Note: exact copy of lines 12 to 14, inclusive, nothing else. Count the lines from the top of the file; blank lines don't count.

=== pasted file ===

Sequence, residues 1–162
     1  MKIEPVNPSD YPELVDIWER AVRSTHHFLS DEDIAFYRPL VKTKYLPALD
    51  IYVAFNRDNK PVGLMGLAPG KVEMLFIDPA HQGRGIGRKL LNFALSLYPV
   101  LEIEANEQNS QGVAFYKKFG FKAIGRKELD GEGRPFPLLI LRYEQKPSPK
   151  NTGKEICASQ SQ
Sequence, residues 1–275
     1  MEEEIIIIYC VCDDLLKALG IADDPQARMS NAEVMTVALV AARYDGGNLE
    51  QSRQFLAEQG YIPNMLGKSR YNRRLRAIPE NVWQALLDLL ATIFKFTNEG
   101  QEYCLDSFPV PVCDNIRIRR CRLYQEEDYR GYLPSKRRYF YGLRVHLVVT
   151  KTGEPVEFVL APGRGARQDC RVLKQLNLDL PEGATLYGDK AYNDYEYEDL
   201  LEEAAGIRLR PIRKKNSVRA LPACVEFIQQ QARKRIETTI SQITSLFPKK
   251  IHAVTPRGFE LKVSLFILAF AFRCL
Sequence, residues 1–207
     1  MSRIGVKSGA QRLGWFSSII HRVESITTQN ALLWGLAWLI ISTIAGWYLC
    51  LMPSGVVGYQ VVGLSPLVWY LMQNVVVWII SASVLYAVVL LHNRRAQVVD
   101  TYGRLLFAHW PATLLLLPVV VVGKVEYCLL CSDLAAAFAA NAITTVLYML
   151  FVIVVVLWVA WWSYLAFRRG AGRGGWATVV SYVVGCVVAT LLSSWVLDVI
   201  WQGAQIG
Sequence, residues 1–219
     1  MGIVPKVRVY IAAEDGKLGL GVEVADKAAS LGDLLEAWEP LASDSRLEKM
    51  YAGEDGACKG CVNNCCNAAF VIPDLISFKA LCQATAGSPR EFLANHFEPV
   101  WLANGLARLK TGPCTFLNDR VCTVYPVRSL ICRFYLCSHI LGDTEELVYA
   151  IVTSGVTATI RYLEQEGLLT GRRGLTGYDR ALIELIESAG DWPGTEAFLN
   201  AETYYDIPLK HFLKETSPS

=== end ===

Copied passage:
   251  IHAVTPRGFE LKVSLFILAF AFRCL
Sequence, residues 1–207
     1  MSRIGVKSGA QRLGWFSSII HRVESITTQN ALLWGLAWLI ISTIAGWYLC